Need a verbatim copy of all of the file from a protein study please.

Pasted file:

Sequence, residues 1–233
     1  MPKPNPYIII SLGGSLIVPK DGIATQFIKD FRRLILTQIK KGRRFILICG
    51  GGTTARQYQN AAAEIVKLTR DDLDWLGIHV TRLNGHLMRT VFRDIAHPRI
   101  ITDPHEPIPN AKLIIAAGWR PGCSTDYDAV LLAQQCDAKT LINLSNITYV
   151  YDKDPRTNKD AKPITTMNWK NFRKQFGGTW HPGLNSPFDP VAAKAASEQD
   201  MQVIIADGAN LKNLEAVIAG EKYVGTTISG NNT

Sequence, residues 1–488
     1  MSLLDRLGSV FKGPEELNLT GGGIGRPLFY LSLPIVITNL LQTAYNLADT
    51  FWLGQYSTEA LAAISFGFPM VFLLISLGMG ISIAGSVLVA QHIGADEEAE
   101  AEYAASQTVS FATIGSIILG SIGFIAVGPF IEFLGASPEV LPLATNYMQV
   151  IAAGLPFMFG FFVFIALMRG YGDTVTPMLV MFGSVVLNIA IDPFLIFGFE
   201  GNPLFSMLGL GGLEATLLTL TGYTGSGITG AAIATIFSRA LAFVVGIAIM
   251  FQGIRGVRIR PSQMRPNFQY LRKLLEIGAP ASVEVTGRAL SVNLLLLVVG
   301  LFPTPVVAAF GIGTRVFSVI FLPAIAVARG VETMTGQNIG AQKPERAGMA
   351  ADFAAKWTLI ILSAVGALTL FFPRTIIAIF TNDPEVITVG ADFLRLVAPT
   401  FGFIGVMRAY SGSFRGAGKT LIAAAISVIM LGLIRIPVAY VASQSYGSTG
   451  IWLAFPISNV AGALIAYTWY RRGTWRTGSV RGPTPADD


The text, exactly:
Sequence, residues 1–233
     1  MPKPNPYIII SLGGSLIVPK DGIATQFIKD FRRLILTQIK KGRRFILICG
    51  GGTTARQYQN AAAEIVKLTR DDLDWLGIHV TRLNGHLMRT VFRDIAHPRI
   101  ITDPHEPIPN AKLIIAAGWR PGCSTDYDAV LLAQQCDAKT LINLSNITYV
   151  YDKDPRTNKD AKPITTMNWK NFRKQFGGTW HPGLNSPFDP VAAKAASEQD
   201  MQVIIADGAN LKNLEAVIAG EKYVGTTISG NNT

Sequence, residues 1–488
     1  MSLLDRLGSV FKGPEELNLT GGGIGRPLFY LSLPIVITNL LQTAYNLADT
    51  FWLGQYSTEA LAAISFGFPM VFLLISLGMG ISIAGSVLVA QHIGADEEAE
   101  AEYAASQTVS FATIGSIILG SIGFIAVGPF IEFLGASPEV LPLATNYMQV
   151  IAAGLPFMFG FFVFIALMRG YGDTVTPMLV MFGSVVLNIA IDPFLIFGFE
   201  GNPLFSMLGL GGLEATLLTL TGYTGSGITG AAIATIFSRA LAFVVGIAIM
   251  FQGIRGVRIR PSQMRPNFQY LRKLLEIGAP ASVEVTGRAL SVNLLLLVVG
   301  LFPTPVVAAF GIGTRVFSVI FLPAIAVARG VETMTGQNIG AQKPERAGMA
   351  ADFAAKWTLI ILSAVGALTL FFPRTIIAIF TNDPEVITVG ADFLRLVAPT
   401  FGFIGVMRAY SGSFRGAGKT LIAAAISVIM LGLIRIPVAY VASQSYGSTG
   451  IWLAFPISNV AGALIAYTWY RRGTWRTGSV RGPTPADD